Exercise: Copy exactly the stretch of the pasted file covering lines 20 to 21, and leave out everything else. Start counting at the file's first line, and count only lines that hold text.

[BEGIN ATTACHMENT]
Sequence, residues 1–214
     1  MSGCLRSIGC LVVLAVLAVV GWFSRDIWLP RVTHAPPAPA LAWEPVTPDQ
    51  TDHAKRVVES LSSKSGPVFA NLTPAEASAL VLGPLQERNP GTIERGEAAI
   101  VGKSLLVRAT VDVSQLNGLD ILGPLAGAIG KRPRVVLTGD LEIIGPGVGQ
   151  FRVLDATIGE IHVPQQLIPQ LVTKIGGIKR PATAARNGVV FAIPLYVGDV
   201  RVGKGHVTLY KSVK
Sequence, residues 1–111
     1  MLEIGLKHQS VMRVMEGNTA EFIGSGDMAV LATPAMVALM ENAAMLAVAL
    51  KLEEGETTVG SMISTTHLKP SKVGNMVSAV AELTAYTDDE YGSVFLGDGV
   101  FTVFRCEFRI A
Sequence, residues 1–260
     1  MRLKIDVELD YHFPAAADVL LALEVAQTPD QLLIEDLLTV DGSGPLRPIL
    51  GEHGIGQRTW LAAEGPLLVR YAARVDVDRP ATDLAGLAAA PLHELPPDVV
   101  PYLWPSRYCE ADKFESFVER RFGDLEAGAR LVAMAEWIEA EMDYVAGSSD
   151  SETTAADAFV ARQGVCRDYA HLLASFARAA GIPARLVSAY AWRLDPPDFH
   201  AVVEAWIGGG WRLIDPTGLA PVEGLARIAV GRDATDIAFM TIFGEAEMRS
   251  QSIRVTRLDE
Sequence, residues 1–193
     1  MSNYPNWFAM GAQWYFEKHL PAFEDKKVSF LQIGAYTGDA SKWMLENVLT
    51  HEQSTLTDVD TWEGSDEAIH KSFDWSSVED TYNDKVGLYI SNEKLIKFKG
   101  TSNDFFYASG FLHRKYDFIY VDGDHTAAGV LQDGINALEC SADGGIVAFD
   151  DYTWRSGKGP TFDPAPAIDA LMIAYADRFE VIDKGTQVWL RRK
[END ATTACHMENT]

    51  HEQSTLTDVD TWEGSDEAIH KSFDWSSVED TYNDKVGLYI SNEKLIKFKG
   101  TSNDFFYASG FLHRKYDFIY VDGDHTAAGV LQDGINALEC SADGGIVAFD